Author Archives: Rashmi Munikempanna

About Rashmi Munikempanna

Rashmi works as a facilitator and independent researcher.

This Agoraphobic Photographer Uses Google Street View to Travel the World

Photographer Jacqui Kenny roams the globe via Google Street View—from St. Louis, Senegal, to Arizona City, U.S—for her series “Agoraphobic Traveller.”

Kenny lives with agoraphobia, an anxiety condition that causes individuals to avoid venturing into crowded or remote places, for fear of having a panic attack and being unable to escape or find help. For some, at its worst, this can mean a fear of leaving home. To counter this, Kenny roams the globe via Google Street View, and virtually combs streets and landscapes to snap screenshots for her photography series “Agoraphobic Traveller.”

In some 26,000 screenshots and counting, she’s caught unsuspecting subjects—from a young couple kissing on a curb in Chile to three camels crossing an empty highway in United Arab Emirates—through her unlikely lens.

Source: This Agoraphobic Photographer Uses Google Street View to Travel the World

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Sharafat Ali – 2017 Award for Achievement | Ian Parry

Sharafat Ali  |  2017 Award for Achievement

Who am I – Uncertain Identity

Kashmir is often seen by many as a territorial dispute between South Asian nuclear rivals: India and Pakistan. But in the last 28 years, the humanitarian cost of the conflict has been extreme. Tens of thousands of people have died, thousands have been orphaned and around 8,000 people are missing. Sharafat shot these photographs in different areas of Kashmir over recent years. During this time, Kashmir witnessed some of the deadliest anti-India protests in the history of 28 years of the conflict. More than 100 children and teenagers died during 2016 alone. Sharafat’s work deals with conflict, politics, faith and daily life in the region.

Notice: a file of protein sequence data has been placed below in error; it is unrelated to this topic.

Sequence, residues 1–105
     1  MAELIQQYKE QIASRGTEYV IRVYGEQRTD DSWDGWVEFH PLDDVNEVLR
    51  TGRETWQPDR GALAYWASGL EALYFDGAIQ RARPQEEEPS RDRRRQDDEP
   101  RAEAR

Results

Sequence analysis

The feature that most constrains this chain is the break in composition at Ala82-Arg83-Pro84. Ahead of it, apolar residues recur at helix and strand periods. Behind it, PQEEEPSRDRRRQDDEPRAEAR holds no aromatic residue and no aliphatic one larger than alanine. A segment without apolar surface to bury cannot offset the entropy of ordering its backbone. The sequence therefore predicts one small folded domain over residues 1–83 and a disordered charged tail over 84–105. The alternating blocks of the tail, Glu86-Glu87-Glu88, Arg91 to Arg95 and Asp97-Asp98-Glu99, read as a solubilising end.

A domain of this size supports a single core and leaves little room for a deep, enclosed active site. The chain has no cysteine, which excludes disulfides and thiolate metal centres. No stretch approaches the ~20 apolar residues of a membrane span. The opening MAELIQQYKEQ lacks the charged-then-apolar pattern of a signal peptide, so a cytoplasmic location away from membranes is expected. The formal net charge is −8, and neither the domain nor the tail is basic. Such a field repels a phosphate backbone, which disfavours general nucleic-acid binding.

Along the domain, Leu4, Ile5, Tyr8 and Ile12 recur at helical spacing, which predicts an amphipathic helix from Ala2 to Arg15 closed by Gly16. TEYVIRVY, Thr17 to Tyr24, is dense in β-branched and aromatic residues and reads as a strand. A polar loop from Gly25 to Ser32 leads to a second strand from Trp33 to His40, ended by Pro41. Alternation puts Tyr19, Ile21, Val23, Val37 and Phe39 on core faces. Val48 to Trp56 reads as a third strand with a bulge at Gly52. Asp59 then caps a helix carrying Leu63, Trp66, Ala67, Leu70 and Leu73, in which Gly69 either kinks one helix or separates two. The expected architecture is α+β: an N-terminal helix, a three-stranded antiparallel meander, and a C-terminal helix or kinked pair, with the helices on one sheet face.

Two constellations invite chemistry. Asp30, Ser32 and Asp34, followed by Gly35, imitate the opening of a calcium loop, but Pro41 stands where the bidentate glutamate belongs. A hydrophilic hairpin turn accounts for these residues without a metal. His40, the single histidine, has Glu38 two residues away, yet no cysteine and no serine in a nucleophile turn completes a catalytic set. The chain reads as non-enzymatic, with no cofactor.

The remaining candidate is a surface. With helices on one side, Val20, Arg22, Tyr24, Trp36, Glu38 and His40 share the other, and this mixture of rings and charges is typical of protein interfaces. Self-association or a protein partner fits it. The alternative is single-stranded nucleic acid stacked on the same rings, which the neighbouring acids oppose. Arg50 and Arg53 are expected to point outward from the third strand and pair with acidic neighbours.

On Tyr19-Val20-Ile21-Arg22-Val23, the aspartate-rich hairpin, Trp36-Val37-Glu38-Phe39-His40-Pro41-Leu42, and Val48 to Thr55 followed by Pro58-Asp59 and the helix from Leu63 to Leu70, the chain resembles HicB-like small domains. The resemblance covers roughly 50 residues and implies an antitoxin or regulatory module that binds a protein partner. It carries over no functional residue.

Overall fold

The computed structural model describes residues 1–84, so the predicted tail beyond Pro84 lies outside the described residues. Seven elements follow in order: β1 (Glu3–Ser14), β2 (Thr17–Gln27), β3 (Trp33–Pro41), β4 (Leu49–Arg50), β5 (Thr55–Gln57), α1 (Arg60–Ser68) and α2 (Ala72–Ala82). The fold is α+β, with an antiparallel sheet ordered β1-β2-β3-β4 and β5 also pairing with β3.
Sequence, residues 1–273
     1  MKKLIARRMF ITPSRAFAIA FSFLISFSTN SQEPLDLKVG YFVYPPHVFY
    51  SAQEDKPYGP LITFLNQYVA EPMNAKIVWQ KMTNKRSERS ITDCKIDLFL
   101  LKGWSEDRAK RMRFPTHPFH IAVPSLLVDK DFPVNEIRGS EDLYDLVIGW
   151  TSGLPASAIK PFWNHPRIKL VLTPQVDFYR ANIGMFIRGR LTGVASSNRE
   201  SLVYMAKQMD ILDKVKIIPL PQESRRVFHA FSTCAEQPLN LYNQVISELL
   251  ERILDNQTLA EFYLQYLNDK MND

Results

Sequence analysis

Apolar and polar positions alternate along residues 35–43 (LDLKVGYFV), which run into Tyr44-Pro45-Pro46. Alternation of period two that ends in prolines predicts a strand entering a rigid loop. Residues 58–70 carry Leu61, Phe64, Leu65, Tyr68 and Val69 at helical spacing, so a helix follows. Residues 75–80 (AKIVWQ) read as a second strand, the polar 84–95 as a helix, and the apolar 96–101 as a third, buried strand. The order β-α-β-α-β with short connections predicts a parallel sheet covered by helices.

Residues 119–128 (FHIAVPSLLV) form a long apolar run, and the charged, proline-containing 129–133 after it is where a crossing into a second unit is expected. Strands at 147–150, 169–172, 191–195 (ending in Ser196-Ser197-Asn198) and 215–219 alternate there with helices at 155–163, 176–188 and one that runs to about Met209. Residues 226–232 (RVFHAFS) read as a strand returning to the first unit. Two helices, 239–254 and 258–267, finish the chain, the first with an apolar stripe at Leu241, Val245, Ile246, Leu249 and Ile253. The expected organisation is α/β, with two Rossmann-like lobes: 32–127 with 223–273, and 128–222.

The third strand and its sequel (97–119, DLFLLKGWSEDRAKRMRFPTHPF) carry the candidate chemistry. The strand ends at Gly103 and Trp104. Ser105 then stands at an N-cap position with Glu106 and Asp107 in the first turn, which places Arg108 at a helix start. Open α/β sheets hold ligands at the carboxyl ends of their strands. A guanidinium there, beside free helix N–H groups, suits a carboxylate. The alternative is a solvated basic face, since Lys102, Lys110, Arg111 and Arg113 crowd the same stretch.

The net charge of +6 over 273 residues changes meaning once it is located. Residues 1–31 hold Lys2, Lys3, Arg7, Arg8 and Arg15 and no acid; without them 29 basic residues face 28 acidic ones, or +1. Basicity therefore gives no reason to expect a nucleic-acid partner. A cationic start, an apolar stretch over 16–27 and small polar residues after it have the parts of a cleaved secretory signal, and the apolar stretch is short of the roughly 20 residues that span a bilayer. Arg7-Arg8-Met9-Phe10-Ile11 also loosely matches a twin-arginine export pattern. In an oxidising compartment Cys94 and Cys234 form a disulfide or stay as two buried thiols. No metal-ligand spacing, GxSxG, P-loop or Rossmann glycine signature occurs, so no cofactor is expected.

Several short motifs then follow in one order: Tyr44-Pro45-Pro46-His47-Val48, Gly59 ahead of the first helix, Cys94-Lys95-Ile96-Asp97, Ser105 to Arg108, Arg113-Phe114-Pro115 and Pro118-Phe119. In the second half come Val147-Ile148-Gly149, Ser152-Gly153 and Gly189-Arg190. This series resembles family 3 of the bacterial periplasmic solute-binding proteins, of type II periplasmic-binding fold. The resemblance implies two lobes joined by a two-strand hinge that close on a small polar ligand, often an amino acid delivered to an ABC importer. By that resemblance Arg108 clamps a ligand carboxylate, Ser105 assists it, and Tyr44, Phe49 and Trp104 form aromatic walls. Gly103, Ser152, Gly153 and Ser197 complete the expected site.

Source: Sharafat Ali – 2017 Award for Achievement | Ian Parry

 

I’m Done With African Immigrant Literature

African literature cannot move forward if our most celebrated authors are writing about America and Europe, writes Siyanda Mohutsiwa.

I’m over it: Immigrant Literature

I don’t know when it happened. It might have been somewhere in the middle of Teju Cole’s Open City, as I followed his protagonist around the streets of New York. Or maybe it was at the end of NoViolet Bulawayo’s We Need New Names, when I boarded the flight to America with its precocious star. Or perhaps it was a few weeks after finishing Chimamanda Ngozi Adichie’s Americanah, and I had finally begun to forget the stress carried by illegal African immigrants in Europe.

Whichever way it happened, it happened. And I found myself flinging my copy of The Granta Book of the African Story across the room, vowing to never read a piece of African Fiction again, or at least its “Afropolitan” variety.

Let me explain.

Source: I’m Done With African Immigrant Literature